Over-50s spending £20.1 billion a year supporting adult children
Over-50s in the UK spend a combined £20.1 billion every year supporting their adult children financially, a new report has revealed.
This is according to research carried out by Aldermore as part of its First Time Buyer Index, which shows that a growing number of retirees or individuals nearing retirement are having to support their grown-up children as they attempt to get on the property ladder, both financially and in terms of providing them with somewhere to live.
With this becoming an increasing trend, should people be factoring in the potential of spending a few extra years than perhaps previously planned acting as the Bank of Mum and Dad into their retirement savings plans? And if so, how can this be done?
How much are over-50s supporting their grown-up children financially?
Aldermore's research found that 22 per cent of adult children currently live with their parents so they can try to save up for a deposit for a house, as this allows them to save on outgoing costs such as food, rent and utility bills. However, this is increasing costs for their parents, who are often helping out with the deposit anyway, but also spending an extra £416 (£4,996 in a year) on expenses including food, electricity and petrol as a result.
This has stopped 33 per cent of parents from being able to save as much as they would like for their retirement, as they did not factor these extra years of financing their children into their original retirement savings plan.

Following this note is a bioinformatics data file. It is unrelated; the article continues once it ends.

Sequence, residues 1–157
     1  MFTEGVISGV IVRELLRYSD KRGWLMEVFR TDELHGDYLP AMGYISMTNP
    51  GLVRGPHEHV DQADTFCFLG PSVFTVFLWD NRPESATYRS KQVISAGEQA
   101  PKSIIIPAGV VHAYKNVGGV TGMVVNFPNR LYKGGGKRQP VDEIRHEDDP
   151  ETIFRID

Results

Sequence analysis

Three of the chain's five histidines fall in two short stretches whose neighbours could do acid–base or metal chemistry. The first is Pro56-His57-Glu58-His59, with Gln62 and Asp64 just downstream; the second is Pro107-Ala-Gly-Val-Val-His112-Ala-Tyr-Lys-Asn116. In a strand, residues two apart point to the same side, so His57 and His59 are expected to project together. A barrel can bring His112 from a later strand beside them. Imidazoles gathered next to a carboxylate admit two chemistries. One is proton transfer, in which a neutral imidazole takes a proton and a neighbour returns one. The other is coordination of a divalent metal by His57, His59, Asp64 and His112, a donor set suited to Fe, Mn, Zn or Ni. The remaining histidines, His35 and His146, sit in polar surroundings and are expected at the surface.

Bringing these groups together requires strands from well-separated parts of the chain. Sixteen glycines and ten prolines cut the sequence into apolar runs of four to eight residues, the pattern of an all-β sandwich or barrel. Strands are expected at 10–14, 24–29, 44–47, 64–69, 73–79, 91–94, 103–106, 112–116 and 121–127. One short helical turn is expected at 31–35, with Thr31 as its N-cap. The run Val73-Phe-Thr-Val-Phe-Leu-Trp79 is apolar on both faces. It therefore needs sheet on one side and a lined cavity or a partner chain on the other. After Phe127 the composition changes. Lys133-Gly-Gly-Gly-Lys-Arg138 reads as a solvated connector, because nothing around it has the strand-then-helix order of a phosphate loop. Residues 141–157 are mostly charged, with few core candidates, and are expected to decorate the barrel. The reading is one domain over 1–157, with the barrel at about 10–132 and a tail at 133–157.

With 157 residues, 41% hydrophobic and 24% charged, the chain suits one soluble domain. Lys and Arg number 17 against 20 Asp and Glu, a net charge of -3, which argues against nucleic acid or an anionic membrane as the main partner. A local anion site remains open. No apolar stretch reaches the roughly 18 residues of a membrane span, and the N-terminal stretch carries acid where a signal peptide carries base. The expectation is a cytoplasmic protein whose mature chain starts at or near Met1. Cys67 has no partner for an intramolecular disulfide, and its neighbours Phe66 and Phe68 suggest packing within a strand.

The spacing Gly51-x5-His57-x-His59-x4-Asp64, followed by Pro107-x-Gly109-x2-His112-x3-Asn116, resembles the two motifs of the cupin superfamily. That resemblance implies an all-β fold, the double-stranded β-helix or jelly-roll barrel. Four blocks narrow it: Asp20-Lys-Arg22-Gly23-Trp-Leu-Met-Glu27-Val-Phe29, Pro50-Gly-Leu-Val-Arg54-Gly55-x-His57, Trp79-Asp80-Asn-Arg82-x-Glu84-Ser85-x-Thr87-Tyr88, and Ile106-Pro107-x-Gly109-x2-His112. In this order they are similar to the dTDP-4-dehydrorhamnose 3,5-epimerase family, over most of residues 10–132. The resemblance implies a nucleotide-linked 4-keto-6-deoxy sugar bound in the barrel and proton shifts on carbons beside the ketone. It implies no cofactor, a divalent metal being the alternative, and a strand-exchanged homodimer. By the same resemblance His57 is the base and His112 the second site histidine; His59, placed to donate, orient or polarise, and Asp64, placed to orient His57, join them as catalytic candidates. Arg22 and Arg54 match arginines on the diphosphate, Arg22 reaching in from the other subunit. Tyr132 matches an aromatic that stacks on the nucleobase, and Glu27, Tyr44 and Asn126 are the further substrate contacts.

Some 26 per cent of the grown-up children questioned for the survey revealed that they expect to have to live with their parents for at least five years before they can afford to get on the property ladder. This therefore means their parents could be spending more than £20,000 helping them out financially while they are living at home, potentially on top of lending them money for a deposit, compromising their retirement plans.
But should over-50s be supporting their adult children to such a great extent? Parents can feel obliged to help their children to get on the property ladder, while others genuinely do want to help. After already spending 20 or 30 years supporting their children financially, however, should soon-to-be retirees also have to potentially sacrifice an early retirement or spending on luxuries for themselves after giving up work?
Should people factor this support into their retirement savings plans?
Charles McDowell, commercial director for mortgages at Aldermore, commented: "First-time buyers have a notoriously difficult time on the property ladder. Since saving an adequate deposit remains the biggest obstacle, more and more people have had to move back into the family home to boost their savings. Our report reveals just how difficult this can be to navigate, with real impact not just on parents' finances, but also on the relationship with their children and their own ability to save.
"Furthermore, as parents are less able to save for their retirement, more people will require help to unlock the value held within their property in later life. This is an intergenerational problem that goes beyond the simple view of the Bank of Mum and Dad."
Of course, not everyone is lucky enough to be in a position to help, so over-50s need to give some serious thought to the matter before agreeing to help finance their grown-up children's property purchases.
However, for those that know this is something they undoubtedly want to do in the future, it's important to factor the potential expense into their retirement savings plans as early on as possible. Weighing up options such as equity release and looking into saving more into a pension pot could help to make sure over-50s have enough money available for both helping their children out financially and for enjoying their hard-earned retirement in the way they have always wanted to.
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